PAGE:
Marijuana Decrim Bill Returns To Rhode Island Senate


Photo: Senator Joshua Miller
Sen. Joshua Miller: “I think it’s an appropriate time for Rhode Island to act”

‚ÄčOne year ago, Senator Joshua Miller’s bill to decriminalize possession of up to an ounce of marijuana got held up in committee, but the Democrat from Cranston doesn’t give up that easy. He’s introducing the legislation again this year and hoping for a different result.

Senate Bill 0270, scheduled for a Tuesday hearing before the Senate Judiciary Committee, would make possession of an ounce or less of cannabis a civil offense, punishable by only a $150 fine, reports Randal Edgar of the Providence Journal.
The fine would double repeatedly over time, up to a maximum of $1,000 if it remained unpaid, but there would be no other criminal or civil punishment, except for repeat offenders who — on their third offense — could be charged with a misdemeanor.

Sen. Miller, who last year chaired a commission that studied the issue of decriminalizing cannabis, said on Monday that he hopes the time spent studying the issue, along with the experience of other states, will lead to success this year.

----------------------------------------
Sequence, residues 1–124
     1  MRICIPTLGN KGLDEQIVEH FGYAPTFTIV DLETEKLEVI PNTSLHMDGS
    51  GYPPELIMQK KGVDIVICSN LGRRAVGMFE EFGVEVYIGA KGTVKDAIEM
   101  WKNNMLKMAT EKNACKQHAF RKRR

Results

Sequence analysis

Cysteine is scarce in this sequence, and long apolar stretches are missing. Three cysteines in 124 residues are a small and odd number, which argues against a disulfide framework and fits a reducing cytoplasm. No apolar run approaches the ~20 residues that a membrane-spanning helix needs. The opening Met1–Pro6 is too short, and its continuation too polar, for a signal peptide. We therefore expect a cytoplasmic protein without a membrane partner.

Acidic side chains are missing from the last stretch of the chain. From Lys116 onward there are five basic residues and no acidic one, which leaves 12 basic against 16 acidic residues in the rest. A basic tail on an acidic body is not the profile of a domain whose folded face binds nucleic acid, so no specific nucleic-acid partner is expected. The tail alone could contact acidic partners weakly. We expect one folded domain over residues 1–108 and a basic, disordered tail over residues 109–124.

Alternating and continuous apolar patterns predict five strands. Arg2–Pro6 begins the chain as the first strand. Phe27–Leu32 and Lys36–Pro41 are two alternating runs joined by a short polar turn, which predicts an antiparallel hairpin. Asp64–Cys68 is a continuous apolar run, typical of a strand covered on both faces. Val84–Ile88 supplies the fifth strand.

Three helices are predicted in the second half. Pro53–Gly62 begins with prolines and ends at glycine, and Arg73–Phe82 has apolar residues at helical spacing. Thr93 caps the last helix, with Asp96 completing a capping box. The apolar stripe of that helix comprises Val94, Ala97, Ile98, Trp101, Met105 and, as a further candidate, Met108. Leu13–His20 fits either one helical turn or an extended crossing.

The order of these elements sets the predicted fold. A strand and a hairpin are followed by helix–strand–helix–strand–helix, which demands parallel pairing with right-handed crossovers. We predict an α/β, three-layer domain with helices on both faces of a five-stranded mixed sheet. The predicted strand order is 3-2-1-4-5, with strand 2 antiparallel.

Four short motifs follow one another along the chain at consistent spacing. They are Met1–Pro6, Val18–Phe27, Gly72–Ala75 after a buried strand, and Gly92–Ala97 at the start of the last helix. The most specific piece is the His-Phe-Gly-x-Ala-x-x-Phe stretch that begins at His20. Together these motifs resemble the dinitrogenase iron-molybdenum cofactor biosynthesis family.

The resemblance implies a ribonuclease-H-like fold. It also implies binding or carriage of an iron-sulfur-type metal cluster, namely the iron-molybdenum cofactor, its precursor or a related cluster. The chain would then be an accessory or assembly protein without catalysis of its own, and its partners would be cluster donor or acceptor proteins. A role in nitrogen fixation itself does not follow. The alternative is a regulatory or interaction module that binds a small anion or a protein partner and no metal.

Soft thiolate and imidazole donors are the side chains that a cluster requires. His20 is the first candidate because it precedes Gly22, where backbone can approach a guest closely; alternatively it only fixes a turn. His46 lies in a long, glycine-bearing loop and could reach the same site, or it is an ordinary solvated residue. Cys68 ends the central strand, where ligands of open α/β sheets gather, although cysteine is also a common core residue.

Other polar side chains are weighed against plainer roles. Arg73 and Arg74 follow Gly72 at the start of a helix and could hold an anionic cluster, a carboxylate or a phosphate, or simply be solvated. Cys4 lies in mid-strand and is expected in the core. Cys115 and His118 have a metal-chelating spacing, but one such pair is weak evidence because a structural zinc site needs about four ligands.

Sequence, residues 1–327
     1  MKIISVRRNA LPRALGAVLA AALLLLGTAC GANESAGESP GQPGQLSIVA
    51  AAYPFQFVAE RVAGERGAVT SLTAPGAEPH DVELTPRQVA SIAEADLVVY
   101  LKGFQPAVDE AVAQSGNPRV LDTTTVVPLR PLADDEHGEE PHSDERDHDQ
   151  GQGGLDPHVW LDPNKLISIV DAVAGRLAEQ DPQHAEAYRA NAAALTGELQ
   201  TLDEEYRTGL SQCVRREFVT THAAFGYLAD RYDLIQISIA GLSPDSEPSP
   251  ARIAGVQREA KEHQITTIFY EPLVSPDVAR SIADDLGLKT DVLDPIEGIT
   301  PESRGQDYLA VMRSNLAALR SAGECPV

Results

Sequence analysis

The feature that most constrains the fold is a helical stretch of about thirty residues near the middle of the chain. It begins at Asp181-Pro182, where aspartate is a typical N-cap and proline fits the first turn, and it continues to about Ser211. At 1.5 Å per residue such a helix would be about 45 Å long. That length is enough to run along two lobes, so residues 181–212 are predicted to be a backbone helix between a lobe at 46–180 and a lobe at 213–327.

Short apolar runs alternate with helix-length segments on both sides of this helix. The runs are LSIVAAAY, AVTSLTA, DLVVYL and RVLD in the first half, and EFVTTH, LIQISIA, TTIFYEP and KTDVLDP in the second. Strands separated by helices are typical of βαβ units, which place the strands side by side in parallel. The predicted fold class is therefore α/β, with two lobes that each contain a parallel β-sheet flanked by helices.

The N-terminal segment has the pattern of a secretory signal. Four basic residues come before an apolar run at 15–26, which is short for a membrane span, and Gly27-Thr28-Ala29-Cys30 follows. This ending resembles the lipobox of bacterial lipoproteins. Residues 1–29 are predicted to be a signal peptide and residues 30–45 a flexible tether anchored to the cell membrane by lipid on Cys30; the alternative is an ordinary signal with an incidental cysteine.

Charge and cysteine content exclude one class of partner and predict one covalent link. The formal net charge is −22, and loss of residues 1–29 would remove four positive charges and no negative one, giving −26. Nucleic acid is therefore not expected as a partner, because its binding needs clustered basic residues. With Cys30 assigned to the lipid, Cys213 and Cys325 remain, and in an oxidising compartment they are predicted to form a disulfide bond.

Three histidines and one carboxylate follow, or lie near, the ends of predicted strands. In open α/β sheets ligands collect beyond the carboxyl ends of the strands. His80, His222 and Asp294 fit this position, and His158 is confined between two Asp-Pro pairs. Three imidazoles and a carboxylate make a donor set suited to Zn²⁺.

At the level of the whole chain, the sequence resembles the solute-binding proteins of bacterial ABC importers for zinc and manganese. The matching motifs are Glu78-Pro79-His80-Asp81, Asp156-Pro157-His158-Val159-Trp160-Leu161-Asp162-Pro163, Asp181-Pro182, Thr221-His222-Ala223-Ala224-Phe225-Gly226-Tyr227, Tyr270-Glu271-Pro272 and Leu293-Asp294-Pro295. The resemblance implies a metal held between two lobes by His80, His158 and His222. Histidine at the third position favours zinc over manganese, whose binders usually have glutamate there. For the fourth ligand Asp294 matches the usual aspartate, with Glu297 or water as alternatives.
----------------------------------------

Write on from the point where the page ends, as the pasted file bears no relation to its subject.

“We had a study commission which recommended these reforms,” Miller said. “We’ve now gone beyond two years since Massachusetts enacted similar legislation. It’s one of those issues where we sat back and looked at the failures of past approaches and the successes of reforms that have taken place in Massachusetts and other places.
“I think it’s an appropriate time for Rhode Island to act,” Miller said.
Miller said he and Rep. John G. Edwards (D-Tiverton), who has introduced a similar bill in the Rhode Island House, may try to come up with matching language in their bills to increase the chances of passage in both chambers.
Possession of any amount of marijuana is a misdemeanor publishable by a minimum fine of $200, maximum fine of $500, and up to a year in jail under current Rhode Island law. However, the Miller commission heard that “few people” go to jail in the state for cannabis possession alone (one, of course, is too many).
While supporters of marijuana decrim say the change would save money and is part of a national trend towards relaxing cannabis laws, opponents have predictably tried to claim that such a change makes pot more legally and socially acceptable for young people, as if it isn’t already.
Thirteen states, including neighboring Massachusetts, have decriminalized possession of “small amounts” of cannabis, according to the Rhode Island Senate press office.
For a copy of Rhode Island SB 0270, click here [PDF].